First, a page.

The design and development of wearable, medical and other smart devices have rapidly grown in recent years. This can be attributed to their efficiency and vast applications in numerous areas. These devices enhance connectivity that enables effective collection, transfer, and presentation of data. However, they rely on batteries which is a big challenge to the adoption of the technology due to the burden of charging many devices considering the increase in the number of wearables per user.
Previously thermoelectric energy harvesting from the body heat has been identified as a promising solution for powering smart devices. Interestingly, it can be used to generate power at low temperatures irrespective of the body activity levels. This can support self-charging feature for the wearables. However, the low energy conversion efficiency and low voltage output have rendered most of the thermoelectric modules unsuitable for body energy harvesting. Alternatively, thermoelectric energy harvester design strategies have mainly focused on improving the material property thermoelectric figure of merit rather than optimization integration of the subcomponents. Some prior approaches at system level integration may not be readily applicable for general applications, as the usage of step-up converter will cause additional complication to the amount of power generation.
To this note, Santa Clara University researchers: Thomas Watson, Joshua Vincent and led by Dr. Hohyun Lee from the Department of Mechanical Engineering developed a new thermoelectric system design approach for small energy harvesting based on commercial products. The approach fundamentally incorporated a DC-DC voltage step-up converter and optimized the thermoelectric module geometry. The main objective was to maximize power production through the thermoelectric energy harvester by considering the impedance requirement of the DC-DC voltage step-up converter. The work is published in the journal, Applied Energy.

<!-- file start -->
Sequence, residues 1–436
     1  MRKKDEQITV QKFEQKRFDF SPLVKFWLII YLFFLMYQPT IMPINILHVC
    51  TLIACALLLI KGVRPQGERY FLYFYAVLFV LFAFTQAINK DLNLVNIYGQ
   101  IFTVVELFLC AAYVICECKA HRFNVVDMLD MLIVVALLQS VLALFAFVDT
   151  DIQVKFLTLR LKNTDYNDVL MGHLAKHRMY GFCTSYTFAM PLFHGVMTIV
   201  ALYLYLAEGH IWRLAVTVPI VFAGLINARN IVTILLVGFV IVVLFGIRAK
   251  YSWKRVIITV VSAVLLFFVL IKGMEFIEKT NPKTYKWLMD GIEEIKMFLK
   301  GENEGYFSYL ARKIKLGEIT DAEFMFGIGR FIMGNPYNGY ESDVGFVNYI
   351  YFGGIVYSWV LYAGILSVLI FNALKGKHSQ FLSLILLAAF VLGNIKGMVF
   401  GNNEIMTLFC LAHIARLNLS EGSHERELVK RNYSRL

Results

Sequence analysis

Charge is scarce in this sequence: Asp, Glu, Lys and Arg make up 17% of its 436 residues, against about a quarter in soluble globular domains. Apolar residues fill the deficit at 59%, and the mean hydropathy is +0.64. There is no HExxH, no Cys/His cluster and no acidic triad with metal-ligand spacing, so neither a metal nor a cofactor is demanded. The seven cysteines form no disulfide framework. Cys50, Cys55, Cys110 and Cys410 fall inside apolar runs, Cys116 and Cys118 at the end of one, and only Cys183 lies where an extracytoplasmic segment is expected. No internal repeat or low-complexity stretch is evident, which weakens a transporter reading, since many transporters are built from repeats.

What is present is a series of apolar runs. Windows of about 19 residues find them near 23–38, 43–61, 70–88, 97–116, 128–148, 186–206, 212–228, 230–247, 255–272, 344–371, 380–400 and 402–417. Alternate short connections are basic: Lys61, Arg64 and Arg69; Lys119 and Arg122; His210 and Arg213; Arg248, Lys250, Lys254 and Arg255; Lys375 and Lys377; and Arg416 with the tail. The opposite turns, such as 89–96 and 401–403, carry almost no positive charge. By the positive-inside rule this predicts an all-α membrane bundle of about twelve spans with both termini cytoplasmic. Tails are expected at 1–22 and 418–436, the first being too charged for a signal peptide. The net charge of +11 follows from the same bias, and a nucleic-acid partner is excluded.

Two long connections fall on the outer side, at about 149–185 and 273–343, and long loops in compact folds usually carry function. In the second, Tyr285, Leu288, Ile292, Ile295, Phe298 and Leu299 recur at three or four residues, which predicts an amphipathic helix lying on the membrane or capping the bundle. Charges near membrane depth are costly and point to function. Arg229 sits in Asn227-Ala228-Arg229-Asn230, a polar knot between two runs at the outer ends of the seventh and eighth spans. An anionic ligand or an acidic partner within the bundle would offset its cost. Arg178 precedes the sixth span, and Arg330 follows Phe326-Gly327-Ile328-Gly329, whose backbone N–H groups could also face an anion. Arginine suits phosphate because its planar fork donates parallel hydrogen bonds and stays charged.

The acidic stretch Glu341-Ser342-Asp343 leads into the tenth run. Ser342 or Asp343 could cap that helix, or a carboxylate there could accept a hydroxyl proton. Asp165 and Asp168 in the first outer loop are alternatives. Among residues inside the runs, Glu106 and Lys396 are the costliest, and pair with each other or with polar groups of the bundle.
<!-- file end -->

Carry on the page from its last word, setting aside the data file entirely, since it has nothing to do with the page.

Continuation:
Briefly, the authors considered a design of thermoelectric module geometry and system integration to maximize power production under practical operation conditions. Next, a sensitivity analysis was conducted to account for the individual components’ performance and the varying environmental conditions. This was due to the inability of the module to change upon the system integration. Off-the-shelf components were utilized in the optimization of the design. This ensured that the system could be used by those who could not afford customized circuits, modules and materials.
The proposed design resulted in greater power production attributed to its ability to operate under non-ideal operation conditions. To verify this, an optimized thermoelectric energy harvesting system prototype was demonstrated using the off-the-shelf components. It exhibited the ability to generate 0.5mW at 5V and temperature gradient of 16K. From further analysis of the DC-DC voltage step-up converters and system configuration, the authors noted that the design approach could significantly enhance the system performance level. This framework will, therefore, provide further guidance for system integration and development of subcomponents and materials. Altogether, Santa Clara University study provided vital information that will advance the development of future energy harvesting systems for use in wearables and other smart devices.
Watson, T., Vincent, J., & Lee, H. (2019). Effect of DC-DC voltage step-up converter impedance on thermoelectric energy harvester system design strategy. Applied Energy, 239, 898-907.Go To Applied Energy